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Title: Properties of mammalian P2X₇ receptors
Author: Zheng, Wenxuan
ISNI:       0000 0004 2723 4560
Awarding Body: University of Manchester
Current Institution: University of Manchester
Date of Award: 2012
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To establish comprehensive pharmacology of P2X₇ receptors, membrane current recording, intracellular calcium transient recording and ethidium bromide uptake were carried out to examine several selective (A-740003, A- 438079) and non-selective (suramin) P2X₇ antagonists across mammalian P2X₇ receptors (human, mouse and rat). These P2X₇ receptors demonstrated species-dependent sensitivities to antagonists. In each species, A-740003 revealed variant IC50 values with different assays, indicating the assay- dependent pharmacology of P2X₇ receptors. Conventionally, pharmacology can be used to define a native current but not in the case of the human breast cancer cell line, Hs578T. It is found that P2X₇ was expressed at both mRNA and protein level. The ATP-evoked currents recorded from Hs578T cells were P2X₇-like with distinctive electrophysiological features. But the pharmacology profile of the currents did not fit with P2X₇ receptor. Further experiments are needed to either include or exclude the existence of functional P2X₇ receptors in Hs578T. Transmembrane domain 2 (TM2) is known as the pore-forming region for P2X receptors. TM2 of P2X₇ receptor was investigated with cysteine substitution scanning. The predicted α-helix structure of the TM2 segment was in good agreement with the results from the substituted cysteine accessibility method (SCAM). Thr336, Ser339, Tyr343, Phe344 and Thr348 were found important for both channel dilation and aqueous pore formation. Ser339 was further studied. Various substitutions at Ser339 were explored. The results suggest that the polarity of the side chain at Ser339 is essential for the channel dilation. Furthermore, disulfide bond formation was identified between S339C in the trimeric receptor, implying that the side chains of Ser339 might turn very close to each other during the channel opening and dilation.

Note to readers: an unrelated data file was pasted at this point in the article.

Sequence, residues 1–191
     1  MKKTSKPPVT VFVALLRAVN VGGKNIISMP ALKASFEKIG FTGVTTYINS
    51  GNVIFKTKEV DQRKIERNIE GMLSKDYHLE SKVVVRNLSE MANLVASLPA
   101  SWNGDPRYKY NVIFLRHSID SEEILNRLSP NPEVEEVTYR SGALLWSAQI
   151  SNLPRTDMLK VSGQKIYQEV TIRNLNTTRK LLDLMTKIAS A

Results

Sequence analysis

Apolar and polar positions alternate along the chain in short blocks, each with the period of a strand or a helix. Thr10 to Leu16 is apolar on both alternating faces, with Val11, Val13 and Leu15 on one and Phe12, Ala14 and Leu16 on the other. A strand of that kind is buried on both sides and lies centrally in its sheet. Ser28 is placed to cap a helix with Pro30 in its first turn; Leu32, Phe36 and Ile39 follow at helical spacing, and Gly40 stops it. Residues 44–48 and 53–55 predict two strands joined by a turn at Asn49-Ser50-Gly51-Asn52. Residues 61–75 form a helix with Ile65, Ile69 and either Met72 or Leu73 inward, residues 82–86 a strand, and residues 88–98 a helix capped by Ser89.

Supervisor: Verkhratsky, Alexej. Sponsor: Dorothy Hodgkin Postgraduate Awards ; Wellcome Trust
Qualification Name: Thesis (Ph.D.) Qualification Level: Doctoral
EThOS ID:  DOI: Not available
Keywords: P2X7 receptor ; pharmacology ; cancer ; amino acid substitution